The article Exoskeletons: AFM Identification of Beetle Exocuticle: Bouligand Structure and Nanofiber Anisotropic Elastic Properties by Wei Gao, assistant professor in the Department of Mechanical Engineering, is currently featured on the cover of Advanced Functional Materials – one of the top journals in materials research. In the piece, Gao and collaborators from Northwestern University, University of Nebraska-Lincoln and University of California, Riverside, examined the design principles of helicoidal stacking in beetles.
“Beetles possess hard, armor-like exoskeletons, which protect them from predator attacks and environmental damage,” said Gao. “Meanwhile, these exoskeletons are surprisingly light to allow beetles to fly. The core region inside the exoskeletons is composed of chitin fibrils arranged in a helicoidal stacking, which is also known as twisted plywood structures. This helicoidal structure has been observed in insects, crustaceans, plants and fish.”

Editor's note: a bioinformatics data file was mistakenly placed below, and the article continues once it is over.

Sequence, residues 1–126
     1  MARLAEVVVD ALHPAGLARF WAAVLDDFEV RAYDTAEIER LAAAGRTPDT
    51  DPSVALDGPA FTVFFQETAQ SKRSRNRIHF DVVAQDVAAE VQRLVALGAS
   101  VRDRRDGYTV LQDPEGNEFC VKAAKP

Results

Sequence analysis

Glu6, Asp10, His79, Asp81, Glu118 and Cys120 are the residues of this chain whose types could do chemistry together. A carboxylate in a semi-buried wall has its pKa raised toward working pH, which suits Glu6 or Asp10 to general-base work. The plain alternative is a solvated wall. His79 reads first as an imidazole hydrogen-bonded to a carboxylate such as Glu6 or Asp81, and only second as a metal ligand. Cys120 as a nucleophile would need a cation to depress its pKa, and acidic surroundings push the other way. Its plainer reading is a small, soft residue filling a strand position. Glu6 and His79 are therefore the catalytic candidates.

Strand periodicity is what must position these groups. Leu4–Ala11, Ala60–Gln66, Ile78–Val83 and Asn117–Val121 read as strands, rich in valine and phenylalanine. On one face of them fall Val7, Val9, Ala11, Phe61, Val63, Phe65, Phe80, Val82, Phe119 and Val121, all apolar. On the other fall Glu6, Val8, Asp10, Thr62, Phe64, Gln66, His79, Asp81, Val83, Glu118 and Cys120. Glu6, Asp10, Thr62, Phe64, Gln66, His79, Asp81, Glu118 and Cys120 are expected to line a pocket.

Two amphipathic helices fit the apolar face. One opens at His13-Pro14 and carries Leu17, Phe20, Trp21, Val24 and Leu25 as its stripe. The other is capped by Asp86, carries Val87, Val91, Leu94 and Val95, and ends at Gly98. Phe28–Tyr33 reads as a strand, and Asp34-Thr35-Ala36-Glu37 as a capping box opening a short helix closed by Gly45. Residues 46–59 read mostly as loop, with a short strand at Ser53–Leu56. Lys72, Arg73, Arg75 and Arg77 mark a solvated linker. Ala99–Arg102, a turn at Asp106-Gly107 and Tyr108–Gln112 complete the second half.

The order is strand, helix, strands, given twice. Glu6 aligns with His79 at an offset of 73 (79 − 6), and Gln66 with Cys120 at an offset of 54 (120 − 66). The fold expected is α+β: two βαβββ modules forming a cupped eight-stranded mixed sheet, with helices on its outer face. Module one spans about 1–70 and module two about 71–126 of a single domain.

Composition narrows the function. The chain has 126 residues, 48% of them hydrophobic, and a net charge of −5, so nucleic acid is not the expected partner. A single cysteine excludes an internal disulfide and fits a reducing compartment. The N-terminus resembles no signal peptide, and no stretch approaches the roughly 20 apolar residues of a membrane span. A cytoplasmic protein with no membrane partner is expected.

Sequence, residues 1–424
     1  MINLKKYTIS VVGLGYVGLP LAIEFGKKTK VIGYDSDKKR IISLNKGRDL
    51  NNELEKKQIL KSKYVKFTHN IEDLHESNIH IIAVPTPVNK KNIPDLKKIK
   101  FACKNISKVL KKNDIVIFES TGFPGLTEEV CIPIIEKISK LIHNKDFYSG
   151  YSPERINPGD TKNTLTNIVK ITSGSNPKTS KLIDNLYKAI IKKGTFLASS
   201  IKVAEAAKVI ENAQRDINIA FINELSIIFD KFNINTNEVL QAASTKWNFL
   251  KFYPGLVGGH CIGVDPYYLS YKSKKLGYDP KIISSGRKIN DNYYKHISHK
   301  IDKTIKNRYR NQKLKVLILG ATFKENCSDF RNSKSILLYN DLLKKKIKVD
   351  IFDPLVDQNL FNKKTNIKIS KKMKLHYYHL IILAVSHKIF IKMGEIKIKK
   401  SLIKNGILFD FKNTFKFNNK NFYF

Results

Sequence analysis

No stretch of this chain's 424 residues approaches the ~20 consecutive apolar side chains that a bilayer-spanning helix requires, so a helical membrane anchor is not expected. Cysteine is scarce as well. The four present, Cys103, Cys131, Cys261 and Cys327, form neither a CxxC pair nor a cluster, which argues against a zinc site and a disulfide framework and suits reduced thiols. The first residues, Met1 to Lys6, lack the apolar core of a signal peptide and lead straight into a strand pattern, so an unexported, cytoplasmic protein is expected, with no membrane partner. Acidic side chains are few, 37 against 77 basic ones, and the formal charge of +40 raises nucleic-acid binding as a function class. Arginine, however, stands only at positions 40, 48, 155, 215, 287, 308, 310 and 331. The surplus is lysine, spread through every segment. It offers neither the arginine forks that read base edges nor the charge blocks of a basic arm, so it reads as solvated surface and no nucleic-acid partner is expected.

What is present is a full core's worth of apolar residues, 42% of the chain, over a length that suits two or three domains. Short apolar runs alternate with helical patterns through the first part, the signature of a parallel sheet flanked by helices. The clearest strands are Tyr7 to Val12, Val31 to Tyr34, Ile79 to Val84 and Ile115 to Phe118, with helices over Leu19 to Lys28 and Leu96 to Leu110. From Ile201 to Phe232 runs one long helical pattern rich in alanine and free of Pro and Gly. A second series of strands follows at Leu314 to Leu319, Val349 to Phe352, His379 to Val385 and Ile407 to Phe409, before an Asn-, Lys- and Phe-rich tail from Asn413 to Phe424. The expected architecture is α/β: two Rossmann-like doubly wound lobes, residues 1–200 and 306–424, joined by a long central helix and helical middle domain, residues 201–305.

Gao explained that understanding the helicoidal structure design principles is expected to reveal insights into how natural selection over millions of years has shaped the material composition and spatial orientation, which is also important to guide the design and manufacturing of artificial materials through bio-mimicking.
“I was thrilled when I hear our article was going to be featured on the cover of Advanced Functional Materials,” said Gao. “It is wonderful that our research is getting such positive attention in the field.”
Gao, a former postdoc at Northwestern University, now Assistant Professor at UTSA is the co-first author of the paper along with Ruiguo Yang from University of Nebraska-Lincoln, and graduate student Alireza Zaheri from Northwestern University. Cheryl Hayashi, professor of Biology at University of California, Riverside was also a co-author. Horacio Espinosa, professor of Mechanical Engineering at Northwestern University led the research.